As a kid, there were three musicians or musical entities that I despised with almost no exceptions: Bob Dylan, Bruce Springsteen, and the Grateful Dead. In Dylan’s case, I always liked “Subterranean Homesick Blues.” To give The Dead their due, I loved “Shakedown Street” and didn’t mind “Don’t It Ease Me In” and “Alabama Getaway” when they hit the airwaves in 1980. No matter what Springsteen came on the radio, I reflexively changed the channel.
Then, as the saying goes, I grew up.
But maybe it was more than that. For many years now, Dylan, Springsteen, and The Grateful Dead have occupied lavish suites in my musical inner sanctum, that holy of Rock holies where cherished bands and songs are housed. But with each of these Titans it took literal distance, as well as lived time, to prompt an epiphany, a profound “Aha!” moment when I finally understood the greatness of their music.
Surprisingly, it was Springsteen who broke through first.
Bruce Springsteen: “Born to Run”
As a kid growing up in the 1970s (I was 10 in 1977), I loathed Bruce Springsteen. My two favorite bands were The Beatles and Led Zeppelin, purveyors not only of Rock’s greatest songs but of its most ear-pleasing songs. I just couldn’t fathom what anyone heard in this raspy-voiced singer whose tunes all seemed to have glockenspiels pinging away in the background.
I remember how the older guys–16, 17 year-olds, the “big boys” to whom my friends and I looked up–raved about Bruce (and it was always “Bruce,” as if they actually knew the guy.) They went on about how he said so much in his songs and how I was just too young to appreciate him. And they all had this knowing tone of voice as they shook their heads, as if to say “one day, you’ll understand.”
You can see how a 10 year-old could only roll his eyes at such patronizing guff.
But even in my teens I couldn’t tolerate hearing Springsteen on the radio. In those days I listened to WPLJ, once New York City’s premier Rock station. As soon as I’d hear that telltale drumroll intro of “Born to Run,” I’d turn the dial like a motor reflex. I remember how Carol Miller, one of WPLJ’s most popular deejays and still a fixture of the airwaves, swooned over “Bruce” (once again, the first-person familiar.) She even campaigned (alas, in vain) to make “Born to Run” New Jersey’s state song. I just scratched my head.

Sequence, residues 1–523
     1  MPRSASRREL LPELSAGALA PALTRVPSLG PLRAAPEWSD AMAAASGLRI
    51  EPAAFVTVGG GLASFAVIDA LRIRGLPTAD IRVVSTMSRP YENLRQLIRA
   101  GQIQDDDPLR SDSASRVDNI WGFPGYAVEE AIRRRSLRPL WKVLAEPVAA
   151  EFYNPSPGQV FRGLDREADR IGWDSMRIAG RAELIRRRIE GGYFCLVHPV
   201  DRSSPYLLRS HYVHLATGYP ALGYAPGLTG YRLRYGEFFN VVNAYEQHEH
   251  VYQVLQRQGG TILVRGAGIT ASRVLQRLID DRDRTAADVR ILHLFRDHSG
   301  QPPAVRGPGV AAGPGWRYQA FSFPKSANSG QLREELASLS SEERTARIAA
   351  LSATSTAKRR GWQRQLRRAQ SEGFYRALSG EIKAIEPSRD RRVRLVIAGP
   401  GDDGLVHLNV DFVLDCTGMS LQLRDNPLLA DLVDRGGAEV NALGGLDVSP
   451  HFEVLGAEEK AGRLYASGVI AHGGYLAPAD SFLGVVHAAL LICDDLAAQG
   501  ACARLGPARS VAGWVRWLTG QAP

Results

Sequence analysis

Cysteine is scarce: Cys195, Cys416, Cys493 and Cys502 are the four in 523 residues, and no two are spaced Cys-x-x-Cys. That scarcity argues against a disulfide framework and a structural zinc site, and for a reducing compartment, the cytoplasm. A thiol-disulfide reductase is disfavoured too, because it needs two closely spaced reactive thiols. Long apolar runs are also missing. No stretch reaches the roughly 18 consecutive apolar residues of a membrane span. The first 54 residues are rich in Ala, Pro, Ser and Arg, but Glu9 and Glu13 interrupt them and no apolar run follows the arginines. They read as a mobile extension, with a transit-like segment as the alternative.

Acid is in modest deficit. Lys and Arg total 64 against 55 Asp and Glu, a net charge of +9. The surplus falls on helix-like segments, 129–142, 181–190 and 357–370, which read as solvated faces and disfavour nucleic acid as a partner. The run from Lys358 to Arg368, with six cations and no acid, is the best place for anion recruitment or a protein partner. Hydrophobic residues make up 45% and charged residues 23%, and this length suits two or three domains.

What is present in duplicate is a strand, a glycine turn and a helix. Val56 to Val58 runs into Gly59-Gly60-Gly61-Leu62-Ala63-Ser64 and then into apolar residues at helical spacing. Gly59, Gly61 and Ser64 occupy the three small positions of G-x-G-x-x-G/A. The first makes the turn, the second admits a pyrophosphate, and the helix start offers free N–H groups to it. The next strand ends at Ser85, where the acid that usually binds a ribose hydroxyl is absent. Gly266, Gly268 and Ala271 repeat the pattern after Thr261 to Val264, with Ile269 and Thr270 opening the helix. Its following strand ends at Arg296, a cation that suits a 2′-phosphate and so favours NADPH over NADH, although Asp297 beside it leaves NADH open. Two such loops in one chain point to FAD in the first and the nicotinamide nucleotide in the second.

I graduated college in 1989 and was commissioned a second lieutenant of infantry through ROTC. I had the luck to be assigned to the 25th Infantry Division at Schofield Barracks on Oahu. So now I’m 23 years old, a rifle platoon leader, and it’s just another sunny Saturday in Hawaii. I’m driving down H1 to Honolulu and the dreaded “Born to Run” comes on KPOI. For the thousandth time I reach for the dial but some mysterious force stays my hand and a voice tells me: “Wait, let’s listen to this song and see what it’s about.”
And suddenly I do! I start to really hear every beautifully turned phrase, every powerfully poetic emotion. I was astounded: waves of goose bumps rolled up my legs and arms (an impressive feat for a song when it’s 80 degrees out!) I understood in an instant how great this song was, how majestic this poet’s vision of life.
I didn’t even mind the glockenspiels.
And I’ve never looked back. Bruce Springsteen has become one of my favorite artists, his first four albums some of my most treasured, most listened-to, most lived records.
Maybe it took being away from home, along with some subconscious understanding that I was now on my own? Sure, I was still eminently in the U.S.–the familiar 3-lane, red, white, and blue-signed highway, windows down, a Rock radio station blaring. Breathe it in: America.
And yet I was smack in the middle of the Pacific Ocean, an officer now, on active duty six thousand miles away from Queens, Brooklyn, the Bronx, Manhattan . . . and that opera out on the Jersey Turnpike.